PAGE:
Mark 1: 1 The beginning of the good news about Jesus the Messiah, the Son of God, 2 as it is written in Isaiah the prophet: “I will send my messenger ahead of you, who will prepare your way”— 3 “a voice of one calling in the wilderness,‘Prepare the way for the Lord, make straight paths for him.’” 4 And so John the Baptist appeared in the wilderness, preaching a baptism of repentance for the forgiveness of sins. 5 The whole Judean countryside and all the people of Jerusalem went out to him. Confessing their sins, they were baptized by him in the Jordan River. 6 John wore clothing made of camel’s hair, with a leather belt around his waist, and he ate locusts and wild honey. 7 And this was his message: “After me comes the one more powerful than I, the straps of whose sandals I am not worthy to stoop down and untie. 8 I baptize you with water, but he will baptize you with the Holy Spirit.”
When we go home today, or to a restaurant, and chew on roast sermon, I hope that it will be clear to everyone what it was about: reviving the lost art of confession. People then may ask, “But what does confession have to do with Advent and Christmas? That sounds so gloomy and serious. I’m all ready for sheep and shepherds and wise men, Mary and a manger. So, why are we muddling about with the likes of cranky old John the Baptist and his ministry of baptism, and of hearing people’s confessions?
Now the early church saw no disconnect between Advent and the confession of sin. After all, when the tradition of Advent began some time into the 7th Century AD, it was actually a Penitential Season, a time of self-examination, spiritual house-cleaning, even fasting and confession of sins. One might think that we saved that stuff up all year for Lent. But Advent was also originally a season for soul-searching, while we’ve made it a time for frenzied shopping and office parties. Our spiritual ancestors looked not for bargains during Advent, but for renewal; they didn’t prepare Christmas gift lists as much as they may have prepared lists of things they had done that they wished they had not done, and of things they needed to do to set things right.
To celebrate the Lord’s coming, they understood that we must also prepare the way of the Lord, as Isaiah and later, John the Baptist, said, to “make straight his paths.” For John, that meant repentance and confession of sins, in advance of baptism.
Now John saw much that was wrong with society and the powers-that-be, and he said so. His dress and his diet tell me that he was a conscientious objector to the usual way of getting food and clothing, they were so corrupt and oppressive. Better to wear camel’s hair than the latest fashion in tunics; better to eat bugs and wild honey than to shop at the Imperial Market, if you care about truth and justice.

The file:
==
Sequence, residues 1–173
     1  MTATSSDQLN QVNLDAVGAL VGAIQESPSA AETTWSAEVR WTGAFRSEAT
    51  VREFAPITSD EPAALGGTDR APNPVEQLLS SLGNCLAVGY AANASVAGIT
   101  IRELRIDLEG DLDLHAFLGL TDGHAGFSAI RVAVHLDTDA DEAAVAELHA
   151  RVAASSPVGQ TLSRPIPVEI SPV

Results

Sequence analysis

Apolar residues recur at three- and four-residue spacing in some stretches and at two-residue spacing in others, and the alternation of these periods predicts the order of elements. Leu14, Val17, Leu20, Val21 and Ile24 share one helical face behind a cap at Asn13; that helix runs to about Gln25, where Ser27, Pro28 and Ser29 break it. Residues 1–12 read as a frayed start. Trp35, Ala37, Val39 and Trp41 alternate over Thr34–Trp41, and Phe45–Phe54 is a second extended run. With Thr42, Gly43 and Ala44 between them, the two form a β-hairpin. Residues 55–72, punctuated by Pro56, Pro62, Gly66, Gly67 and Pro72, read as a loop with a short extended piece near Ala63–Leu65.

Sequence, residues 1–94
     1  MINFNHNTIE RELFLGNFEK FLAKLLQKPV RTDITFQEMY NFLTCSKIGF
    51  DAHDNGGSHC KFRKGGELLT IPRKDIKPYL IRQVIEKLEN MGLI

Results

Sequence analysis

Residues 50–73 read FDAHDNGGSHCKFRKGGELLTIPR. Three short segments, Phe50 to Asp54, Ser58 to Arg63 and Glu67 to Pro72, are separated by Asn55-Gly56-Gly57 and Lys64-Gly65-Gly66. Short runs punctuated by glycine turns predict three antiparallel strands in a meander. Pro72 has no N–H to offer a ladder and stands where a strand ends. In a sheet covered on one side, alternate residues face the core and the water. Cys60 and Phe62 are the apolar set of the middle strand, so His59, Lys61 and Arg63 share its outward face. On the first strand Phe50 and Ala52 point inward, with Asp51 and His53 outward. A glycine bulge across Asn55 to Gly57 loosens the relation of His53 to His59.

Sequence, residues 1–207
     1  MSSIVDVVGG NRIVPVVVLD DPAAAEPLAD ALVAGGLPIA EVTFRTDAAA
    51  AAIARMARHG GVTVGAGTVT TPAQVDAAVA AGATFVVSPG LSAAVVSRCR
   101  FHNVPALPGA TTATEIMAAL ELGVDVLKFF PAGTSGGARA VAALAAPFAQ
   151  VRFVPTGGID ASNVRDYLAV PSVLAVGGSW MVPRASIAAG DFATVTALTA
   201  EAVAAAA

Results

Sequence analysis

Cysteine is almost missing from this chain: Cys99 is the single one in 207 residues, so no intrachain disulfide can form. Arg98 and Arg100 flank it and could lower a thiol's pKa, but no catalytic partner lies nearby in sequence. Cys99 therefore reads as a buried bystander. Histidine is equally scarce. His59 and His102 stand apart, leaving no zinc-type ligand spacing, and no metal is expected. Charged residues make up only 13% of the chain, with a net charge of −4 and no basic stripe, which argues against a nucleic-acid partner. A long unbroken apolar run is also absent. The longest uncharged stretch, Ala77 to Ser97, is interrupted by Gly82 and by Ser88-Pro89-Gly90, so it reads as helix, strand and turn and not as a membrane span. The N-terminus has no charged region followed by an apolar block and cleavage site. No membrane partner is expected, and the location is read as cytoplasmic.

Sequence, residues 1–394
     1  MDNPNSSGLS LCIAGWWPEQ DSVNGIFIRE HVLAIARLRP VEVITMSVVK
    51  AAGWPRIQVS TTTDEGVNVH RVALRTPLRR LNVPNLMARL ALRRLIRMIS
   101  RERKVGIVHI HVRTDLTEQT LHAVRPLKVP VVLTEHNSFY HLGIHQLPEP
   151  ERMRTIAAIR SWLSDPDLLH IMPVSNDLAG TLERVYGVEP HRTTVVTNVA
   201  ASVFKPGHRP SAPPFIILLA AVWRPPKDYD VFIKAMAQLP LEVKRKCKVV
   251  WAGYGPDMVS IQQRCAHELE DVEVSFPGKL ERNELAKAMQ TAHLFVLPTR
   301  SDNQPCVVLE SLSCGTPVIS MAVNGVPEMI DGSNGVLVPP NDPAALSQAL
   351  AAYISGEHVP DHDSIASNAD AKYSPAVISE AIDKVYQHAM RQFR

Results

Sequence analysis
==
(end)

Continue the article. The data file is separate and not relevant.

But if we would straighten out the world, we must never forget to examine ourselves. To address the sins of society without also addressing the sins of the heart and the home is like trying to perform heart surgery with a tattoo pen: we can draw all the pretty pictures we like on the outside, but that only gives us the comforting illusion that anything has changed on the inside, where it all starts. The kingdom of God comes on dual tracks: the transformation of the human heart along with the transformation of human relationships, in the home, the neighborhood, the nation and the world. One does not move far without the other. John called for both.
The 19th Century English author, G.K. Chesterton once overheard someone say about a Roman Catholic priest, “His pie-in-the-sky idealism about heaven and mercy and all that is quite comforting, but what would he know about the real world?” How absurd, thought Chesterton, to think that a man who hears hundreds of confessions a week would know nothing about the real world! So Chesterton wrote crime mystery novels about a fictional Father Brown. When he’s not doing his priestly duties, Father Brown is solving crimes in 19h Century London, drawing upon knowledge of the human heart gained in the confessional booth. No, he never rats on the people who confess their sins to him. He just knows, from years of hearing confessions, the motives, the secrets, and the strategies of the human heart for cooking up crimes, justifying them, and then covering their tracks.